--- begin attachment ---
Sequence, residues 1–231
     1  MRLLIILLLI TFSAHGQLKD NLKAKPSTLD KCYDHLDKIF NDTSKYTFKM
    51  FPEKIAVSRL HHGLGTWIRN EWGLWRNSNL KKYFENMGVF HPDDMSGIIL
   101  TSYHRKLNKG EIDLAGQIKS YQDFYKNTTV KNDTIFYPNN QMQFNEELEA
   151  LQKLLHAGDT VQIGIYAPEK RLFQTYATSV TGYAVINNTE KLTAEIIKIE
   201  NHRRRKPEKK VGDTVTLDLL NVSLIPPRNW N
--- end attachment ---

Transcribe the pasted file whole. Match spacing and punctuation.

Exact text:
Sequence, residues 1–231
     1  MRLLIILLLI TFSAHGQLKD NLKAKPSTLD KCYDHLDKIF NDTSKYTFKM
    51  FPEKIAVSRL HHGLGTWIRN EWGLWRNSNL KKYFENMGVF HPDDMSGIIL
   101  TSYHRKLNKG EIDLAGQIKS YQDFYKNTTV KNDTIFYPNN QMQFNEELEA
   151  LQKLLHAGDT VQIGIYAPEK RLFQTYATSV TGYAVINNTE KLTAEIIKIE
   201  NHRRRKPEKK VGDTVTLDLL NVSLIPPRNW N